When Joseph’s brothers saw that their father was dead, they said, “what if Joseph holds a grudge against us and pays us back for all the wrongs we did to him?” So they sent word to Joseph saying, “your father left these instructions before he died: ‘this is what you are to say to Joseph: I ask you to forgive your brothers the sins and the wrongs they committed in treating you so badly.’ Now please forgive the sins of the servants of the God of your father.” When their message came to him, Joseph wept. His brothers then came and threw themselves down before him. “We are your slaves, they said.” But Joseph said to them, “Don’t be afraid. Am I in the place of God? You intended to harm me, but God intended it for good to accomplish what is now being done, the saving of many lives. So then don’t be afraid. I will provide for you and your children.” And he reassured them and spoke kindly to them. Genesis 50:15-21 (NIV)
Too often believers live defeated lives shackled by the events of their past. Guilt, shame and denial are all tricks of the enemy that stifle spiritual growth and effectiveness in the kingdom of God. Unresolved issues that are associated with our past are nothing more than hindrances. Failing to understand that the enemy’s presence in our lives is a sign of spiritual warfare, all too often we find ourselves in bondage, simply because we have not proclaimed our own emancipation.
Yes, we are guilty of the offenses that we committed against our fellow man and our most benevolent God. But, because we have served time in the enemy’s camp, not only have we enlisted our bodies, we have also surrendered our minds. So we forget about God’s amazing grace and remain handcuffed to actions for which we have long been forgiven. Our lack of faith prevents us from proclaiming our own emancipation.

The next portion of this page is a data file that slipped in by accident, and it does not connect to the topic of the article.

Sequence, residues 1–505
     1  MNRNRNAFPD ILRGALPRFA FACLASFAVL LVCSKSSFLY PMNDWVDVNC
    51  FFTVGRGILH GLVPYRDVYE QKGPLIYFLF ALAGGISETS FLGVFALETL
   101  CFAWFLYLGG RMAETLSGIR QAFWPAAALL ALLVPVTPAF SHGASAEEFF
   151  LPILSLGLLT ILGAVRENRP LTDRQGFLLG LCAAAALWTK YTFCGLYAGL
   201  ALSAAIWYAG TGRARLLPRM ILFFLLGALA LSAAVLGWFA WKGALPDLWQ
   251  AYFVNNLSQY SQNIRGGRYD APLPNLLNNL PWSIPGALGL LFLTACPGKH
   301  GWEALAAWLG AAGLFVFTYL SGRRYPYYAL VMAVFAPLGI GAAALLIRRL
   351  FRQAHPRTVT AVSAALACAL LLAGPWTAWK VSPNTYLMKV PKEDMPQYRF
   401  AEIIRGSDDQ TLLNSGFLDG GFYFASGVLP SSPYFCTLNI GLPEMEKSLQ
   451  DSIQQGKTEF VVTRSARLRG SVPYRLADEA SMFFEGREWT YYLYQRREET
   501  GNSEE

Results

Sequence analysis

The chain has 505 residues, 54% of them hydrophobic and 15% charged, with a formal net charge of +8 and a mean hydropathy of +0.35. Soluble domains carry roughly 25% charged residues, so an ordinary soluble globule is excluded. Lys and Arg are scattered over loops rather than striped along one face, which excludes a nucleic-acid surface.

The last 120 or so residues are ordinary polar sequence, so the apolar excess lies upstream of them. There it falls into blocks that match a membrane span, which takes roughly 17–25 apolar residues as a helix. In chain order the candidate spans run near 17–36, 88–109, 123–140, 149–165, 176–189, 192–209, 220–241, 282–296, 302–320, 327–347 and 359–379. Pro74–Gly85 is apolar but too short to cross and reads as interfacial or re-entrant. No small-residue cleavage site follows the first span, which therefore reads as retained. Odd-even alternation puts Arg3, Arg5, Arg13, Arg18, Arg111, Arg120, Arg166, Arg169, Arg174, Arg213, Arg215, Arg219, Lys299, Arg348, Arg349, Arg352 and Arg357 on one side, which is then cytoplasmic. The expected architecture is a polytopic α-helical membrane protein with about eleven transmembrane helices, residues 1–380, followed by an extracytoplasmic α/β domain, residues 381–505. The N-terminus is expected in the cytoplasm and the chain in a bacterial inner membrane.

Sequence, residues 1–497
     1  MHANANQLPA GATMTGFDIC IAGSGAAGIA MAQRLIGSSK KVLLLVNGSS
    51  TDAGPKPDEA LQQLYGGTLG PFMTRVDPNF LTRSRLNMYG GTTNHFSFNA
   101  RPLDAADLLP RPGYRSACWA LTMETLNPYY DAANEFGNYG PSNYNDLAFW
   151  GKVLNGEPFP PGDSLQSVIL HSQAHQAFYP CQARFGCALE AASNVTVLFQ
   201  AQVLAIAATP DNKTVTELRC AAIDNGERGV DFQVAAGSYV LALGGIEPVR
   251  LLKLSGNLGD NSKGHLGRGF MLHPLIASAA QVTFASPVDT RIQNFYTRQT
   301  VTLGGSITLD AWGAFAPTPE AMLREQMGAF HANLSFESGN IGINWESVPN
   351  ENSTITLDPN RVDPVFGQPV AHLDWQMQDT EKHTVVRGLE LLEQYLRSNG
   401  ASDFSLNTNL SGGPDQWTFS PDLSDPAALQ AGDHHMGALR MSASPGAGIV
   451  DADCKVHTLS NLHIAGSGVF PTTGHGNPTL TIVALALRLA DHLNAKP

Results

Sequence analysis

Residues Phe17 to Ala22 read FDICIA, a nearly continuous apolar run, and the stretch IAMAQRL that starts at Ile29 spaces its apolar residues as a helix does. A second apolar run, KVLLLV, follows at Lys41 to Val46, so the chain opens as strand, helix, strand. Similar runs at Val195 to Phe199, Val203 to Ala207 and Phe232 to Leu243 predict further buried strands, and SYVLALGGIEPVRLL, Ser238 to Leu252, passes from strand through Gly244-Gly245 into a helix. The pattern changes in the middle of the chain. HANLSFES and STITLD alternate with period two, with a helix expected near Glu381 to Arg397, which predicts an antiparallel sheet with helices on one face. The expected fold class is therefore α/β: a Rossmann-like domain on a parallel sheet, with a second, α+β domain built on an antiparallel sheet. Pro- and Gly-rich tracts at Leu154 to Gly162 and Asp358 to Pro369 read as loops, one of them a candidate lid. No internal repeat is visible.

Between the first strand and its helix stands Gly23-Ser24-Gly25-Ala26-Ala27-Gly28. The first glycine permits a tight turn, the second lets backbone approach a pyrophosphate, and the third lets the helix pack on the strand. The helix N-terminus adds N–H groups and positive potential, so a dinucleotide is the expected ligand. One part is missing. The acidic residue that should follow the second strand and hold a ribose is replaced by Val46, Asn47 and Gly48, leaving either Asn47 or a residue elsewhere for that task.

We have faced our victims, fallen on our knees and confessed our sins, and seemingly moved on with our lives, but truthfully, we have merely gone through the motions. For if we truly come with a contrite heart, asking forgiveness of one with a similar spirit, we would experience the lessening of the weight of the chains that once had us bound. But when the offender mimics sincerity in his confession and harbors mistrust for the offended, our emancipation cannot be proclaimed.
We masquerade what appears to be liberty, failing to realize the therapeutic value of confession. How tragic that we do not understand the true meaning of forgiveness–“to send something away”–so we hold onto the spirit of the thing from which we have been released. But praise be to God, the Liberator, who resides in his servant that withholds judgment. The servant who recognizes that the Alpha and the Omega is the sole possessor of the authority to forgive and because He is sovereign, no act of congress is necessary.
Be loosed for He is the proclaimer of emancipation!
Prayer: Lord, help us to understand that relational forgiveness is our way of giving to another the very best opportunity to repent, so that the negative consequences can be changed and loving relationships established. Then help us to bless you for your divine forgiveness which absolves us from the penalty of sin, because Jesus Christ has already suffered and paid the price in full—debt cancelled and emancipation proclaimed! Amen.
Minister Ardenia M. Holland
Infinite Grace Fellowship